Would the elements please cooperate?

    For the second time of these Olympics, weather has pushed back her Pyeongchang debut. High winds postponed the giant slalom from Sunday to Wednesday, and the gusts delayed slalom—her specialty—from Tuesday to Thursday.

    Since the super-G is already scheduled for Friday, Shirffin is scheduled to race three events in the next three days. Hopefully the weather won't push back yet another event.

Winner: Shaun White, USA

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    Cameron Spencer/Getty Images

    He did everything he needed to do on his final run. He threw down back-to-back 1440s and back-to-back 1260s. All he could do was wait.

    And then: 97.75.

    After missing the podium in the 2014 Games, Shaun White earned his third Olympic gold in halfpipe. Upon hearing his winning score, White dropped to a knee and broke down in tears. Four years of training and one horrific accident had all been worth it.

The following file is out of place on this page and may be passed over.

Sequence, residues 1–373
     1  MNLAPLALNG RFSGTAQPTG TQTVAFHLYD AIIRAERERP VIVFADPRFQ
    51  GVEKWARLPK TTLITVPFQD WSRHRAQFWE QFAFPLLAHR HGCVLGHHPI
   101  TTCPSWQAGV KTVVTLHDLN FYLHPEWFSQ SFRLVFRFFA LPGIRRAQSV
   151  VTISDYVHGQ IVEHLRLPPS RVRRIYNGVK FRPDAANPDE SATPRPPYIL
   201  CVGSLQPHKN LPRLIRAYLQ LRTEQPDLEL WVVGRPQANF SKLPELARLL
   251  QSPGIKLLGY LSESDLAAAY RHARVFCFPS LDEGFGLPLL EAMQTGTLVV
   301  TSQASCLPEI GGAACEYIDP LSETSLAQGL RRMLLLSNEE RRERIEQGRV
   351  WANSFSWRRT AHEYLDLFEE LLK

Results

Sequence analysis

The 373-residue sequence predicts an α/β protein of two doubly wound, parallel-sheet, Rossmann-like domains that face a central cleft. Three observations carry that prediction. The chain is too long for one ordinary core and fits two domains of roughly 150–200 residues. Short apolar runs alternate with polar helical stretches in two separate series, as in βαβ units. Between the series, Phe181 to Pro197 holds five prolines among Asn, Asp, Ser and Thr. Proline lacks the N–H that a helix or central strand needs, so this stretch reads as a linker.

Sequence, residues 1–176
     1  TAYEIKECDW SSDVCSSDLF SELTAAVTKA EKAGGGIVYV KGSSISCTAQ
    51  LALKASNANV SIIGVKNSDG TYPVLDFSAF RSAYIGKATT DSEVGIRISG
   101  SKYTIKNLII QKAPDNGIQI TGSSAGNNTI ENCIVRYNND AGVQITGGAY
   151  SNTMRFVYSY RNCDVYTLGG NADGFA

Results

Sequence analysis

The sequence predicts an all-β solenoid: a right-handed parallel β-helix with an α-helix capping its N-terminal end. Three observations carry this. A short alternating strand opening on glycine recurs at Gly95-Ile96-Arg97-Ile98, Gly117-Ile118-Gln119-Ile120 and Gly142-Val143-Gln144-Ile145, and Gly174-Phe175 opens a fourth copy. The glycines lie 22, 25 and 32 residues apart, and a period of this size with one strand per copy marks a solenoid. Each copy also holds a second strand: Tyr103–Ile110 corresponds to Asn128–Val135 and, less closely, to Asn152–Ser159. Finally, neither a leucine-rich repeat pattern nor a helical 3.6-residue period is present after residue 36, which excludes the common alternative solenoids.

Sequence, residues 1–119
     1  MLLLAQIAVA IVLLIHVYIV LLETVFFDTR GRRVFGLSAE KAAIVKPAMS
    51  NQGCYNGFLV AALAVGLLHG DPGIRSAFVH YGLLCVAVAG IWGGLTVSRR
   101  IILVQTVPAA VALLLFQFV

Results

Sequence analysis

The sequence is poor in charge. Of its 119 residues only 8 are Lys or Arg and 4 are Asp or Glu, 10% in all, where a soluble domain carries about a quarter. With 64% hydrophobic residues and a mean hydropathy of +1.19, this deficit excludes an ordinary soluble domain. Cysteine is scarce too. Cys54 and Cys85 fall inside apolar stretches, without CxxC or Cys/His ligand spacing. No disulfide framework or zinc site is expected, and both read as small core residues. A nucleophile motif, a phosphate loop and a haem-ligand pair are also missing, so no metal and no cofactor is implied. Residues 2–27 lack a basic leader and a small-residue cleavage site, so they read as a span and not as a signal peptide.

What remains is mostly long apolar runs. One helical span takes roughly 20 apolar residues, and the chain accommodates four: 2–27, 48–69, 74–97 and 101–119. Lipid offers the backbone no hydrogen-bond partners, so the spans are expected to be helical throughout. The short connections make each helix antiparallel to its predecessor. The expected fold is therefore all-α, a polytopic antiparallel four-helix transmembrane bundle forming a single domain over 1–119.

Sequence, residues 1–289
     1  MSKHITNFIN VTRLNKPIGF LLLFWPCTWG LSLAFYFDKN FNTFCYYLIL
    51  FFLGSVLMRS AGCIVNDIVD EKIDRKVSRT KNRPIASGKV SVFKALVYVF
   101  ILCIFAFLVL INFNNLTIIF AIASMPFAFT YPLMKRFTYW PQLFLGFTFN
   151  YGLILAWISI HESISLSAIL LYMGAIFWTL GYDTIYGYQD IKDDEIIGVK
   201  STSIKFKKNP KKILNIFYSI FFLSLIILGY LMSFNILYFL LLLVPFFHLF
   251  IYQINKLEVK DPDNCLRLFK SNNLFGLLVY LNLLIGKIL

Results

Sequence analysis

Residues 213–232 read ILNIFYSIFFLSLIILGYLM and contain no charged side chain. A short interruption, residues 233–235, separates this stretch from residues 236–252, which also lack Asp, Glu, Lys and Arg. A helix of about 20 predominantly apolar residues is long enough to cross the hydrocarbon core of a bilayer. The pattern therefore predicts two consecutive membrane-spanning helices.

"I never got over Sochi. I'll never get over Sochi," White told B/R's Brandon Sneed earlier this year.

    He'll never want to forget his clutch run in Pyeongchang.

Loser: Aljona Savchenko's Pursuit of Gold

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    ARIS MESSINIS/Getty Images

    Aljona Savchenko twice earned bronze with former partner Robin Szolkowy, and her fifth Olympics appearance looked promising for the elusive gold medal. Savchenko and Bruno Massot arrived as leading contenders for the podium's top spot.

    But they're going to need some help.

    Massot doubled a salchow rather than tripling it, which proved costly in the final results. Instead of competing with China's Sui Wenjing and Han Cong for the best short program score, Savchenko and Massot will enter the free skate 5.8 points behind the leaders.

    Evgenia Tarasova and Vladimir Morozov (Olympic Athletes from Russia) and Meagan Duhamel and Eric Radford (Canada) also finished with higher scores than the German pair.